He has especially mocked wearing masks, continuing to do so despite promising he would -- and against the advice of public health officials that everyone should wear them to save thousands of lives.
Just this week, on a national debate stage with 73 million viewers tuned in, he attacked Democratic nominee Joe Biden for wearing one.
"I don't wear masks like him. Every time you see him, he's got a mask. He could be speaking 200 feet away from it, and he shows up with the biggest mask I've seen," Trump said, bragging about the large crowds of supporters at his outdoor rallies, many not wearing masks.
As far back on April 3, when the Centers for Disease Control and Prevention first recommended Americans wear face coverings in public, changing earlier guidance that it wasn't necessary, it was Trump who made the announcement at a task force briefing -- but he stressed the practice was "voluntary" and that "you do not have to do it."
Ever since, Trump has resisted wearing one.
"I just don't want to be doing -- somehow sitting in the Oval Office, behind that beautiful, Resolute Desk, the great Resolute Desk, I think wearing a face mask -- as I greet presidents, prime ministers, dictators, kings, queens, I don't know, it somehow, I don't see it for myself," Trump said.
It took him more than two months to don one in public, following the CDC's recommendation, when he visited wounded service members at the Walter Reed National Military Medical Center in Maryland.
"When you are in a hospital, especially in that particular setting when you are talking to a lot of soldiers, people that in some cases just got off the operating table, I think it's a great thing to wear a mask," Trump said in July, calling it "patriotic."
Trump faced questions about risks to his own health as the pandemic spread across America, but maintained a lack of concern that he could contract the virus.
Asked in an interview with Maria Bartiromo on Fox Business in May about the possibility that House Speaker Nancy Pelosi could assume the presidency if Trump and Vice President Mike Pence were to fall ill, the president scoffed at the idea.
"We'll keep our vice president very healthy and I'll stay healthy," he said. "Never going to happen."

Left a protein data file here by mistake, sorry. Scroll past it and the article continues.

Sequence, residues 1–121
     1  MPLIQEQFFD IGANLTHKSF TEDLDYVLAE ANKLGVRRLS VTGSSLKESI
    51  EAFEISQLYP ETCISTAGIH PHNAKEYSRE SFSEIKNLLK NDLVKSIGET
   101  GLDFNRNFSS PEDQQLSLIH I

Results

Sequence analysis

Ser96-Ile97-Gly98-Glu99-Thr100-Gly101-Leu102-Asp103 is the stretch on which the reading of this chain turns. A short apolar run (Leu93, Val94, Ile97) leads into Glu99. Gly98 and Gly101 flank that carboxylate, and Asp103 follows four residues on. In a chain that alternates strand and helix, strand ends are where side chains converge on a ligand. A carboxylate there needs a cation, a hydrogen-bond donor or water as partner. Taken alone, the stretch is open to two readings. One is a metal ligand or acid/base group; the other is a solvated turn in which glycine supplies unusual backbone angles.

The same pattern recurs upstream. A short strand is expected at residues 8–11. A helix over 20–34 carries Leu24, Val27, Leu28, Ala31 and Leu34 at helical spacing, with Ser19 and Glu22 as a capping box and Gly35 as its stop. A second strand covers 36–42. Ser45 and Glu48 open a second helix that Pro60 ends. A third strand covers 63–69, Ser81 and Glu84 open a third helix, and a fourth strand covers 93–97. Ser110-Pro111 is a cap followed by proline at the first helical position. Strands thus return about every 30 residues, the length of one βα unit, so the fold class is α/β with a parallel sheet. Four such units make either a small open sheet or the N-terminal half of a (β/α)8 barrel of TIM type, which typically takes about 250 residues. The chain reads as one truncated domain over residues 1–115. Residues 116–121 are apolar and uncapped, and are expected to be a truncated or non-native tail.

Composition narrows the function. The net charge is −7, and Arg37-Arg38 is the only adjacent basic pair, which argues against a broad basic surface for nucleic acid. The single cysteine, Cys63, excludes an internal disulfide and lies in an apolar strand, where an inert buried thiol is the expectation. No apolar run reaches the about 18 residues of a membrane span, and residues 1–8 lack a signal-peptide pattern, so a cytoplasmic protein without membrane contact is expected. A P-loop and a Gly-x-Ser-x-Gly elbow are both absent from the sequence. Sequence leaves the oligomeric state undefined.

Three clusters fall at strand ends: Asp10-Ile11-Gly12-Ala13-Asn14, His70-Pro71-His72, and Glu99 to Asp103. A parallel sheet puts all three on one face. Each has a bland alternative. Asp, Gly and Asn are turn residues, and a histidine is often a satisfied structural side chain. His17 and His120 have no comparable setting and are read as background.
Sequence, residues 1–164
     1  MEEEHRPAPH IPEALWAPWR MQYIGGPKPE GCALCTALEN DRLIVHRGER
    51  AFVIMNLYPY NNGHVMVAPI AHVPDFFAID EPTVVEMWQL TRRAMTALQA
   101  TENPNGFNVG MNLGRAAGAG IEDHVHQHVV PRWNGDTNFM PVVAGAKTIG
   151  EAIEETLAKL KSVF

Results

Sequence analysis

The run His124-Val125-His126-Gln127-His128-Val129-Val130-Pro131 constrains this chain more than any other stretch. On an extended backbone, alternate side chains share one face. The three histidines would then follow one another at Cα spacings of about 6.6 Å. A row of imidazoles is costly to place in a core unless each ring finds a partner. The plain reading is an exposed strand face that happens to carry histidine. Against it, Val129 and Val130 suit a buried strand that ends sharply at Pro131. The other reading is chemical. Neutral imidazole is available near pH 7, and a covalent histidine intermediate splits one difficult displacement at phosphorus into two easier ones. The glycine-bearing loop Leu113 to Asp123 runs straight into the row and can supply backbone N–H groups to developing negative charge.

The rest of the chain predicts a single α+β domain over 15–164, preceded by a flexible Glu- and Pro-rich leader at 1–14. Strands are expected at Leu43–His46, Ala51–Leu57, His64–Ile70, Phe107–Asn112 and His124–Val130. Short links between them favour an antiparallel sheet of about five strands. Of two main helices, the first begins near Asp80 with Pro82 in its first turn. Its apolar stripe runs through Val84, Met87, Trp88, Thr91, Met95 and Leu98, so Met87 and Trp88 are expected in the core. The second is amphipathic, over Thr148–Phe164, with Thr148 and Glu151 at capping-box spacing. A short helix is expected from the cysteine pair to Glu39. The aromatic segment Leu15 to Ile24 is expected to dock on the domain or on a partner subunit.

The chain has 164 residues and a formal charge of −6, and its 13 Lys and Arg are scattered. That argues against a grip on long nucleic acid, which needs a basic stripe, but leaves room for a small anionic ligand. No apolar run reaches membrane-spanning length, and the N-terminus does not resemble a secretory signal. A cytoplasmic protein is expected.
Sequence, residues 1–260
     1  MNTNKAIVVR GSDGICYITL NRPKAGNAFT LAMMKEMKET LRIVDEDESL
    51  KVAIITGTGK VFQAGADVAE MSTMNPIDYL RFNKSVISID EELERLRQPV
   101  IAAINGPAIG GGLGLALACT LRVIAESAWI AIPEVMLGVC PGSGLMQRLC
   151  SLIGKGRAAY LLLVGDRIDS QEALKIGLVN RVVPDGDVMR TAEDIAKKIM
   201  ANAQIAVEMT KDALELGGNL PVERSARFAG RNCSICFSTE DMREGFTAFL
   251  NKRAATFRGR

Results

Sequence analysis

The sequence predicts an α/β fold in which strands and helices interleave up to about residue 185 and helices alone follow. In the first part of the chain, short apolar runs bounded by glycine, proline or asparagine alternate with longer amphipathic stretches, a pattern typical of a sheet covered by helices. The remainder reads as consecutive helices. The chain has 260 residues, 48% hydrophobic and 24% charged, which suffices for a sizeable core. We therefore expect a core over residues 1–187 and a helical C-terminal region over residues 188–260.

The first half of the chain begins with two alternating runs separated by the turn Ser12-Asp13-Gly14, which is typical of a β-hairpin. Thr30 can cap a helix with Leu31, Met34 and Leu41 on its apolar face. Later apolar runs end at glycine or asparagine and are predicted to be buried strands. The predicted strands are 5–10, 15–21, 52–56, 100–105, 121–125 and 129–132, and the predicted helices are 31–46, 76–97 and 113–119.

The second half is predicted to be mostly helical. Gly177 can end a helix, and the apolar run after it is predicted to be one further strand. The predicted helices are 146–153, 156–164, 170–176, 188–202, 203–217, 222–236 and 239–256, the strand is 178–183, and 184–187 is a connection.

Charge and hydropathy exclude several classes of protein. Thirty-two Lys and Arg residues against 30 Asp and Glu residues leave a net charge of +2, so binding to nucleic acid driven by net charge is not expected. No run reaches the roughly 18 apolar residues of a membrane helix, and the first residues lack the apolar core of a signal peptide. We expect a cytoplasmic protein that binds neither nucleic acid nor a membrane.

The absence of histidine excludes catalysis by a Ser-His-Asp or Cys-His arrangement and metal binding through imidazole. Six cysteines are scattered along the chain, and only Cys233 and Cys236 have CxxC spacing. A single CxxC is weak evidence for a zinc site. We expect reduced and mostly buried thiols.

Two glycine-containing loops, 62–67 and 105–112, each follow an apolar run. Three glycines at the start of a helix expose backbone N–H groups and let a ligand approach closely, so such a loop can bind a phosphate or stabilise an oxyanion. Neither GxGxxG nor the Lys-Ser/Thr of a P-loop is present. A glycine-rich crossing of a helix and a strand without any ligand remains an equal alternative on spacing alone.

In August, talking about masks, he said, "Maybe they’re great, and maybe they’re just good. Maybe they’re not so good.”
In a White House briefing just last month, Trump was asked why he doesn't wear a mask to set an example, instead of encouraging supporters who view rules requiring masks as a violation of personal freedom.
Once again, he mocked Biden.
"Well, I'm tested, and I'm sometimes surprised when I see somebody sitting and -- like, with Joe. Joe feels very safe in a mask. I don't know, maybe he doesn't want to expose his face," Trump said on Sept. 16. "There's no reason for him to have masks on."
"We get tested -- I'm tested. I have people tested. When people come into the Oval Office, it's like a big deal. No matter who they are -- if they're heads of countries, they all get tested. So I'm in sort of a different position. And maybe if I wasn't in that position, I'd be wearing it more," he continued.
ABC News Contributor John Cohen said it's essential in a public health crisis to set an example.
"The president, by his own admission, downplayed the severity of the pandemic. From the start he sent mixed messages on the wearing of masks and other protective measures recommended by his own public health experts," said Cohen, a former acting undersecretary for intelligence at the Department of Homeland Security. "He, his staff and his campaign ignored CDC guidance and that high-risk behavior not only confused Americans -- placing our communities at greater risk -- but it also made the White House a more dangerous place to work and visit."
In September, a frustrated Trump asked a White House reporter to remove as mask while asking a question: "If you don't take it off, you're very muffled."
Despite the president and his close adviser Hope Hicks getting sick, a White House spokesman said Friday afternoon that mask wearing still will not be required at the White House, where many had gone without them for months.
It will instead remain a personal choice, the spokesman said.
But as staffers gathered on the South Lawn to watch their boss leave for Walter Reed Friday afternoon, most, if not all, were wearing masks.
And so was the president, one with a presidential seal.